We made french toast with brioche bread that came out from a whipping siphon and a microwave oven. (More about the microwave brioche can be found in an earlier post here.) That took 5-10 minutes, not hours that would normally require to bake the traditional brioche bread. For that reason, I don't want to make brioche the convectional way just to use it for French toast. More importantly, the butter content is usually 40-60% of flour weight in traditional brioche bread, way too rich for me. If you are not a baker, you would be pleased to showcase a brioche bread made with less time than it takes getting all the ingredients in place. No one would know, and I won't tell, that you did not labor in the kitchen for hours making the bread.
The red sauce was made with fresh berries and blitzed in a high-power blender to make it ultra smooth, no straining was necessary. The most unusual of all, we made non-dairy whip cream without the heavy cream.
The vegan cream came from a can of chickpea, whipped up in a mixer following a breakthrough approach that you're likely to hear more about in the future. It's a game changer. The cheat sheet below provides the details how to make it. The steps are straight forward. Quite incredibly, cloud-like, light and glossy white cream emerges from the beige soapy liquid that you normally throw out from a can of chickpea. However, don't expect it to taste like real cream. The vegan whip cream retains the beany taste and aroma. Visually, you may not be able to tell the difference.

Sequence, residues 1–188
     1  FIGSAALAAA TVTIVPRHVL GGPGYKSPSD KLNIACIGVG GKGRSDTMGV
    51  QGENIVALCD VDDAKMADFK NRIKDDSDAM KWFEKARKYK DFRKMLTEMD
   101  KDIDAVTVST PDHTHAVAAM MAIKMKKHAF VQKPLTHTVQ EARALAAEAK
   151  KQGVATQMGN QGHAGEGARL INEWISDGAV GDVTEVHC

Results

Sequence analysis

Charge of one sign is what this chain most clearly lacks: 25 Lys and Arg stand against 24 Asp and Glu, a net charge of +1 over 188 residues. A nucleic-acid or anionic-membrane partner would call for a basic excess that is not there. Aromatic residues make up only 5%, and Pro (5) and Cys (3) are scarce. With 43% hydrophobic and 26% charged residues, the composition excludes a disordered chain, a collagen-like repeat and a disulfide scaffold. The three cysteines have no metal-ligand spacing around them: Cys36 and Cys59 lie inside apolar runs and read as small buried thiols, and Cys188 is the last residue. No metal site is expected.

It is so cool to watch the chickpea liquid whipping up to stiff peaks. I read about it in the New York Times article, "the chickpea takes on the egg," and learn about aquafaba, a liquid substitute for egg whites. A light bulb went off and I started my own experimentation. You might want to call this: chickpea whip cream, aquafaba cream or vegan whip.... Whatever it is, there is no denying, it works perfectly.
Food Revolution Day is coming this week on May 20th. It is a day for global action spearheaded by Jamie Oliver to engage and inspire people of all ages to learn about healthy food and how to cook it. The main goal is to get everyone everywhere to join Jamie’s revolution and to make a real difference to change our food system for the better.
This week at IHCC, we are making breakfasts. I adapted Curtis Stone's cinnamon french toast recipe and took a spin in a more healthful direction in support of Jamie's food revolution. All the elements of the cinnamon french toast were there: the berry red sauce, the brioche and the cinnamon sugar on top. I substituted the optional crème fraîche with the vegan whip cream. The final plate has less fat, less sugar and less calories, but high on the fun factor and the reward of discovery and community. The original recipe can be found here.